It’s certainly not what the Religious Right advocates. No, it’s more like this piece in the San Francisco Chronicle, written by an actual gay teen who has it pretty good, due to the support system he has in his family, his friends and his community. Read it all, but here’s a taste:
I remember sitting [my mother] down at the kitchen table as my brother was getting ready for bed, saying to her, “I think I’m … I don’t know what the word is … “
“Transsexual? Bisexual? Gay?”
“Yeah,” I said, “That’s the word. Gay. That’s what I am.”
She asked me if I was sure, and I nodded.
“And you’re sure it’s not because I had girlfriends before?” I shook my head.
“Well,” she said. “I’m happy for you honey. Now get ready for bed.”
A year later, I shared my news with my fifth-grade class, and then my mom threw me a coming out party. My brother, mother and I spent hours making the house presentable, washing tablecloths and filling balloons. We printed my coming out poem on lavender paper and distributed it to the friends, and even teachers, who showed up. When I blew out the candles and cut the cake, slicing through the red cursive icing letters that spelled “Happy Coming Out,” it didn’t even occur to me how fortunate I was. This was a gay kid’s dream come true, and I was living it.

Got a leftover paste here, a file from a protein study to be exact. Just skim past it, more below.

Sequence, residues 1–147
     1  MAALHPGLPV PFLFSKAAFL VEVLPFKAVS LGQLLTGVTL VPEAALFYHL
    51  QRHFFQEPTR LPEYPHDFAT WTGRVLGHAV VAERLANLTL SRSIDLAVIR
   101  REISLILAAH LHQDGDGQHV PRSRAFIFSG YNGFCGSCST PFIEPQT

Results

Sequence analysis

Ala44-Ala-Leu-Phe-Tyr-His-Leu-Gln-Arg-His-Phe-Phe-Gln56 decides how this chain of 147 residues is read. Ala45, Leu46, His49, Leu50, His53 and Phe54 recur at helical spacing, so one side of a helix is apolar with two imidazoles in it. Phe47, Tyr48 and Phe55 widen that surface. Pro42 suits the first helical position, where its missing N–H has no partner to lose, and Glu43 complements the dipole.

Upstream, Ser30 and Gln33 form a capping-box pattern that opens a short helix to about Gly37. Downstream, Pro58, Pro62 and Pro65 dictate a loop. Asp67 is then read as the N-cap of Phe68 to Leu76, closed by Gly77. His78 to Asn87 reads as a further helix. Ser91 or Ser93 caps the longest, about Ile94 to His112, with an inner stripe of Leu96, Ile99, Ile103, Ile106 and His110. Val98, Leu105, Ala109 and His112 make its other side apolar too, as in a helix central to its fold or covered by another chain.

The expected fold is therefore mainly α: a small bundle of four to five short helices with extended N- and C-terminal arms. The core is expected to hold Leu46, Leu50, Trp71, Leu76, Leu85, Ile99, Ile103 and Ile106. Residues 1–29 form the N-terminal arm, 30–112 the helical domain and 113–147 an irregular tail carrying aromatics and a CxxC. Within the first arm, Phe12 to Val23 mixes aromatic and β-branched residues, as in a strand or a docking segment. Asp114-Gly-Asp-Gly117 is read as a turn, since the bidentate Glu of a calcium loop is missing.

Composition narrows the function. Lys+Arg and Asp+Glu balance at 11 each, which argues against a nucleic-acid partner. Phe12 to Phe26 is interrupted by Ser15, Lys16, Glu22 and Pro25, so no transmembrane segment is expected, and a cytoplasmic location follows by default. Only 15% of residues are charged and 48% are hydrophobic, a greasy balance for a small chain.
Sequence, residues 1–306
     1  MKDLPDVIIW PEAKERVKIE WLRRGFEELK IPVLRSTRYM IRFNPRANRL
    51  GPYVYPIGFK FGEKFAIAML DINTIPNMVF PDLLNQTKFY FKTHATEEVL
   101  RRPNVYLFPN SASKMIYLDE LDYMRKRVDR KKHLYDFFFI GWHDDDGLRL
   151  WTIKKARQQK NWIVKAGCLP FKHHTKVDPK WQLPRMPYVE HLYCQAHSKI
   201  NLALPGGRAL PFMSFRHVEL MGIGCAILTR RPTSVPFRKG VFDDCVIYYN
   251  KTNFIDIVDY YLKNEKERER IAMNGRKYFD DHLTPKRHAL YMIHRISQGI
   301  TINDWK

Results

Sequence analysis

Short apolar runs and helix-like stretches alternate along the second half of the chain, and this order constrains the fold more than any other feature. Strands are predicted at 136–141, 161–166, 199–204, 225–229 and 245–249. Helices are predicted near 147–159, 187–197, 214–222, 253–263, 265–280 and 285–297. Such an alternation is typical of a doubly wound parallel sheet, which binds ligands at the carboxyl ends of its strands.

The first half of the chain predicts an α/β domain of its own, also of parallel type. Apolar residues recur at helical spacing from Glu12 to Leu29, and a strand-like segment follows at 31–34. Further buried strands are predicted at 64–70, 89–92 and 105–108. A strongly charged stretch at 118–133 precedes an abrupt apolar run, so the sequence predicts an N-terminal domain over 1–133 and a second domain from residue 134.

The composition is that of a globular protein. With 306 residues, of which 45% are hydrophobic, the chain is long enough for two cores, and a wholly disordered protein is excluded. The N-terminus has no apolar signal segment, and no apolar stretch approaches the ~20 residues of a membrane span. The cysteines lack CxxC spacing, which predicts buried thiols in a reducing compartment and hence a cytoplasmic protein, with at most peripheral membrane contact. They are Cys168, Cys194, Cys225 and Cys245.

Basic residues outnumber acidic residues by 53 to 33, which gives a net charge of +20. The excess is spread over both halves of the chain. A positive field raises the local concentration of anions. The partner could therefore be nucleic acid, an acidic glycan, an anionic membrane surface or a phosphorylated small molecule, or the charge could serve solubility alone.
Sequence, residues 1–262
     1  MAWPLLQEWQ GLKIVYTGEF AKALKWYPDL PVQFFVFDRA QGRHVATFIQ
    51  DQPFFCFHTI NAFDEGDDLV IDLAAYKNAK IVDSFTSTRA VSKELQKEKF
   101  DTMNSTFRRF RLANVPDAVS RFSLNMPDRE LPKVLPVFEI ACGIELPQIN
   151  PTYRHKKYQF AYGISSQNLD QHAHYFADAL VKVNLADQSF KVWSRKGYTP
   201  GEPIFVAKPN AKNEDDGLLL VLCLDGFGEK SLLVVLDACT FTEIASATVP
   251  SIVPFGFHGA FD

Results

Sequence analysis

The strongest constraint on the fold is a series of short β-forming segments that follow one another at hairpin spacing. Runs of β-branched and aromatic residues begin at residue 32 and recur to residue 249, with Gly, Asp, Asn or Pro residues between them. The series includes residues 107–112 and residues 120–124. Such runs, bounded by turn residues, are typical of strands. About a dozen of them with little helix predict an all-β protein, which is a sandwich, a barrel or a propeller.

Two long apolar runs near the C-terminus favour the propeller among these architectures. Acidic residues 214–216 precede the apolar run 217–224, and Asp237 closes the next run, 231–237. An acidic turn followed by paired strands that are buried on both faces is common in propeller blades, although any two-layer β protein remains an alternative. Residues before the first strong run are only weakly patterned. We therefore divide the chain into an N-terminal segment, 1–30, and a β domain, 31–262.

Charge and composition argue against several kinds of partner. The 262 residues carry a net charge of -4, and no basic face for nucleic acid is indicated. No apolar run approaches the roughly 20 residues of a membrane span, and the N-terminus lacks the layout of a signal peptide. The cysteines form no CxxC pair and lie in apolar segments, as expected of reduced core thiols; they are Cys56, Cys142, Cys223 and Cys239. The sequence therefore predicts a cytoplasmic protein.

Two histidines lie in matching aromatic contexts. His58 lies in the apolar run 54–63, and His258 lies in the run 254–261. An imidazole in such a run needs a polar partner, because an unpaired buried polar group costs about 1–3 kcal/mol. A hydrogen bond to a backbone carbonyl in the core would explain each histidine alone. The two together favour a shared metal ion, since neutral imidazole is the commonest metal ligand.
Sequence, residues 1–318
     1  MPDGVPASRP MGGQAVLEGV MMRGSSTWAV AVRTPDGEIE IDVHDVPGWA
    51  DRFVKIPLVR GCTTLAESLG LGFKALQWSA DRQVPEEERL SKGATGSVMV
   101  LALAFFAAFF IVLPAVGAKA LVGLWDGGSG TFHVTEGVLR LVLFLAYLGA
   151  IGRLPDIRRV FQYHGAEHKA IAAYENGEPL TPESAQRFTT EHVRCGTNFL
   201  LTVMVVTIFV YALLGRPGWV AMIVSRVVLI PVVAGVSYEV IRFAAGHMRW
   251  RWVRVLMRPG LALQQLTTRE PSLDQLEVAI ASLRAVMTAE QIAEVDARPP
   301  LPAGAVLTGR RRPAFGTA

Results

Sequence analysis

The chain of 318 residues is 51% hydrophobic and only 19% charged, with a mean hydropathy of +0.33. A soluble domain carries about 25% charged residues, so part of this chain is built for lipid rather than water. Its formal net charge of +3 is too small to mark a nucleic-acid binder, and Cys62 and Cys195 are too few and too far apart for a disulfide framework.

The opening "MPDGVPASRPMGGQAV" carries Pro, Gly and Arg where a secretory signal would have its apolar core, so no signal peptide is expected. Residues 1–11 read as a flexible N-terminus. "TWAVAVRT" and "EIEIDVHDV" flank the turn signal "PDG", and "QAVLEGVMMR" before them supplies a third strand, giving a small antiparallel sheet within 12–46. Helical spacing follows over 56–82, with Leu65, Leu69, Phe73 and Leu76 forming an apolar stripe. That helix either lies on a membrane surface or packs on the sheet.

His mom and brother support him, he has a great gay-straight alliance in school, and when he faces challenges, he has a true support system. That’s what it should be like for every gay teen in America.